Almost a week has passed and my body is still tired. We had thought, and read trail descriptions that supported our thinking, that climbing Mt. Katahdin on the Hunt Trail, which is the end of the Appalachian Trail, would be a reasonable hike. Not so.
We started up the trail at 8:00 last Sunday morning, leap frogging with crowds of hikers, some thru-hikers finishing the AT, some families, some people who were cockily underdressed for the cold and wind. We’d spent the night camping at 30 degrees, got up to make coffee in the cold and ate breakfast in the running car, seat heaters humming.
It was a beautiful trail, passing the roar and thrash of Katahdin Falls, then breaking out into sun on a long slope of granite ridge, fringed with blueberries bushes gone red. We could see a jumbled pile of granite blocks peaking into the sky above us, but it would be hours before we got to the top of it and realized there was still another mile and a half to go to Baxter Peak, the summit of Katahdin.
Still hiking up through the birch and spruce forest, hikers started to pass us going down. “Did you get to the summit?” I asked them all, even though it was still early in the day. “No, it’s harsh up there, way too windy above tree line, we turned around,” was the essence of everyone’s answer. Even given all that feedback, we were not prepared for what we encountered above tree line.
Almost immediately, we were hauling ourselves up and over rock ledges, using the iron bars and hooks hammered into the granite in particularly tough spots, while bracing ourselves against toppling winds. Blinding sun in his eyes, wind whipping every backpack strap into his face and hanging off a climbing bar, David said, “I think I want to turn around. This is too much.” Just then a hiker came back down from in front of us, retrieving the poles he’d left behind thinking a friend was going to bring them up. “It’s not as bad around the next corner,” he said, “it’s more sheltered.” So David hoisted himself over the lip of ledge and we kept going.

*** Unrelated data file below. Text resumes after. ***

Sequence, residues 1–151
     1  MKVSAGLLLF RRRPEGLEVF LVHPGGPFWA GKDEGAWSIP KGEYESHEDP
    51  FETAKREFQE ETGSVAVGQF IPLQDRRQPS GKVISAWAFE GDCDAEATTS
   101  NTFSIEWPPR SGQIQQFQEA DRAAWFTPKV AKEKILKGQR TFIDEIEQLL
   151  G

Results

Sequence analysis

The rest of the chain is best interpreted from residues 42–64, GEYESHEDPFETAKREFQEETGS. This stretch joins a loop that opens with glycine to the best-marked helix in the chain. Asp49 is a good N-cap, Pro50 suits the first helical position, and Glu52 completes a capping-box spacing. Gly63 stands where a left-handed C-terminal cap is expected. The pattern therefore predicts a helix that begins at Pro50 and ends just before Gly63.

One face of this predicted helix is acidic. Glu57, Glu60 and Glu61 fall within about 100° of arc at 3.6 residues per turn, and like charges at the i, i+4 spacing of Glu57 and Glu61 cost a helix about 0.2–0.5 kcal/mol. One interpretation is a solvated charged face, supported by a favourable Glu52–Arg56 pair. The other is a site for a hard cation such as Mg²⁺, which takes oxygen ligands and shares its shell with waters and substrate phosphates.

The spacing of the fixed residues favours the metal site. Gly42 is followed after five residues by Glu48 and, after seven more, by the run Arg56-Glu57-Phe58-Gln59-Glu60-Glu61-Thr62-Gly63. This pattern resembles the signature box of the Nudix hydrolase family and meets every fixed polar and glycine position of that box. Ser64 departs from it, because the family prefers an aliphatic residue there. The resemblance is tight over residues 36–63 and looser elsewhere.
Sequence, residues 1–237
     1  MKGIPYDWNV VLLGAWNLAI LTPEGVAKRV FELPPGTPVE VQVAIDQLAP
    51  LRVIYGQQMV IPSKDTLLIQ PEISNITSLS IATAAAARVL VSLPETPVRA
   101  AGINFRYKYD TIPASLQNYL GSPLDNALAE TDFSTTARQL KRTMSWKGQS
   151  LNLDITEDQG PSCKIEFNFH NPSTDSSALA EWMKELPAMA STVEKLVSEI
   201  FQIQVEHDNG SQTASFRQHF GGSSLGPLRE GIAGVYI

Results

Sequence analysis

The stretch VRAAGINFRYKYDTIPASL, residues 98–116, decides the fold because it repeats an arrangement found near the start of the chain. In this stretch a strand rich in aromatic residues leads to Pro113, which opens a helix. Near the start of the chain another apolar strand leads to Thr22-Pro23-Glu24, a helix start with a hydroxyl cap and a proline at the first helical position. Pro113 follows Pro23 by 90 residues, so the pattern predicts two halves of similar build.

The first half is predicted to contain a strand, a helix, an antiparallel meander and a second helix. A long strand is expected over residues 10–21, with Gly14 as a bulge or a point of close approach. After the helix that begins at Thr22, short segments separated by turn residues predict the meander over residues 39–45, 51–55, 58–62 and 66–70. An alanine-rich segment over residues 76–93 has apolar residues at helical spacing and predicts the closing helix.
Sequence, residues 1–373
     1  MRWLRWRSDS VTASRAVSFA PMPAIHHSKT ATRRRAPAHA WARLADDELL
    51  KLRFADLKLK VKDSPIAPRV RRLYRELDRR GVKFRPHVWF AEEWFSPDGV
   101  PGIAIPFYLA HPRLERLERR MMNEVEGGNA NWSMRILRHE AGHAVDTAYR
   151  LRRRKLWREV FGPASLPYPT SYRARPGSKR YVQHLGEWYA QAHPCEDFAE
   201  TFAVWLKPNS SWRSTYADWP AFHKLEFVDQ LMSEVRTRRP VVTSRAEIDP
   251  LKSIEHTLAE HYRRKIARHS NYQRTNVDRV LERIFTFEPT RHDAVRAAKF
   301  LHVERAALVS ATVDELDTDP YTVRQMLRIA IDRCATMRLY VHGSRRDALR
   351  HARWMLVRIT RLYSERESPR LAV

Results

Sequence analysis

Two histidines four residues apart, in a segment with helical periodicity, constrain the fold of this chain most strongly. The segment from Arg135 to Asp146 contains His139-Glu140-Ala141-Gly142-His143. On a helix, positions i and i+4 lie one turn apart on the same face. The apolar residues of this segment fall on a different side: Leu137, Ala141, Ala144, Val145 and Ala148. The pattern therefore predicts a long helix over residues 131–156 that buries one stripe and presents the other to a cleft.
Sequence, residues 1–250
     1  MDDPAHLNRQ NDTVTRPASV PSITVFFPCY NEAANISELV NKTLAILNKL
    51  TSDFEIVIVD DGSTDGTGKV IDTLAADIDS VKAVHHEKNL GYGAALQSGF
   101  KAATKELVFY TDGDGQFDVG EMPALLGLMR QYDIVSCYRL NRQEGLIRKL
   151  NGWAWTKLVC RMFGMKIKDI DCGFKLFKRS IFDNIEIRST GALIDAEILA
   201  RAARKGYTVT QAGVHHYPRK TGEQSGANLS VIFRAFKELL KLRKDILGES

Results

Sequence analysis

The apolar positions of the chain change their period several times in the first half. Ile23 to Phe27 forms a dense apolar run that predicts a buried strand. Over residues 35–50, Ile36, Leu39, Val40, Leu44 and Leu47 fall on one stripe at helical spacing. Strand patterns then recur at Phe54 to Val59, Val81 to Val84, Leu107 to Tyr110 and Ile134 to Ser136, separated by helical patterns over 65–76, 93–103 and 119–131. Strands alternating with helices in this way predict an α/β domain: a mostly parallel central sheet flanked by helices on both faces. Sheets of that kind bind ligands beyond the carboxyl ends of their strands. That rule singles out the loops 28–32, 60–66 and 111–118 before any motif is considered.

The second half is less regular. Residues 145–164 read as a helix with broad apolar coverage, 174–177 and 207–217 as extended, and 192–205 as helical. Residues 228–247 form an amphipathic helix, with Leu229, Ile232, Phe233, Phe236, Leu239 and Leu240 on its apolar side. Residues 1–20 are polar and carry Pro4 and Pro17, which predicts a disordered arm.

After a half mile of scrambling and bouldering, we reached an overlook behind a face of rock blocking the wind, where groups of hikers were sitting in the sun eating and looking out over miles and miles of Maine forest and lakes and mountains. We stopped too, looking up over and over at the steep pitch of jumbled rock slabs we’d seen from the open ledge miles below.
“Let’s do it,” David finally said, and we hoisted our packs back on, our poles collapsed and stuffed in my pack. Poles were only in the way crawling on all fours across the open rocks, calculating each hand and foot hold, keeping low out of the wind. When we got to the top of the pitch, we could see Baxter Peak over a mile in the distance, across the flat table lands of the Katahdin Ridge. The peak was bathed in white — frost and ice and snow — and dotted with the small figures of AT hikers, finally at the summit, taking in the glory of their accomplishment.
We decided to hike a bit further, already knowing we wouldn’t reach the peak, but not wanting to leave that expanse of open alpine land yet. We reached the junction of the Abol and Thoreau Springs trail after walking on ice for half a mile. This was as far as Thoreau got trying to summit Katahdin, and he’d gotten lost in the fog and sprained his ankle falling out of a tree, which he’d climbed to get a view.
There was no fog for us, just the hard clarity of a wind whipped day, carpets of yellow and orange trees below us, wave after wave of green spruce, and the frosted summit of Baxter Peak ahead.
We turned back, already plotting our return.